A Low Voltage Tube Makes For A Handy Preamplifier

When most people think of tube circuits, the first thing that comes to mind is often the use of high-voltage power supplies. It wasn’t a given for tube circuits, though, as a range of low-voltage devices were developed for applications such as car radios. It’s one of these, an ECH83 triode-heptode, which [mircemk] has taken as the basis of an audio preamplifier circuit.

The preamp circuit is pretty simple, being a two-stage single-ended design using both halves of the tube. Between the two is a three-band tone control circuit as used in classic guitar amplifiers, making for a serviceable and easily achievable way to chase that elusive “valve sound.”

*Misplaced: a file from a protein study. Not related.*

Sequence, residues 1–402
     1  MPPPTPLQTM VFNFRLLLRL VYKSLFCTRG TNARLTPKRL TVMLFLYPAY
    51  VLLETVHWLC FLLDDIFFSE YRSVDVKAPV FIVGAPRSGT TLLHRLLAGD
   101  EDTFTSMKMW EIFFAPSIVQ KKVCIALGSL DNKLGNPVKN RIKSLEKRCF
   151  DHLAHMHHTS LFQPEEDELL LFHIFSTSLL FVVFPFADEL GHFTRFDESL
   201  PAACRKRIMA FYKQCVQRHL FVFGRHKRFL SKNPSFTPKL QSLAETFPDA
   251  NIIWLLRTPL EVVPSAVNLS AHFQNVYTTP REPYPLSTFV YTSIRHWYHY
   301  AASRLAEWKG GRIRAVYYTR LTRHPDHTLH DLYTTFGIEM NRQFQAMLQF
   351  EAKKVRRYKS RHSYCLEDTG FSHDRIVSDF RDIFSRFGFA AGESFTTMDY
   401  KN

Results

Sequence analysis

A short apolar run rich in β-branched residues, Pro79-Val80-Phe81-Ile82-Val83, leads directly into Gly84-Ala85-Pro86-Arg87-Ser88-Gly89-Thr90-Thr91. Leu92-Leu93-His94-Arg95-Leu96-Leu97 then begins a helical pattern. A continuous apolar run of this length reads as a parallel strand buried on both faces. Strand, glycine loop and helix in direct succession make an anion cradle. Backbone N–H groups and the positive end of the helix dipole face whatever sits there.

There is much discussion among audio enthusiasts about the supposed benefits of vacuum technology as opposed to transistors in an amplifier. Much of it centres around the idea that tubes distort in the even harmonics while semiconductors are supposed to do so in the odd harmonics. Still, we’d be inclined to spot a bit of snake oil instead and point to early transistor amplifiers simply being not very good compared to the tube amps of the day. That said, a well-made tube amplifier set-up will sound just as amazing as it always did, and since this one is paired with a matching power amp we wouldn’t say no to it ourselves.

If you fancy messing about with tubes for not a lot, there’s a cheap module for that.







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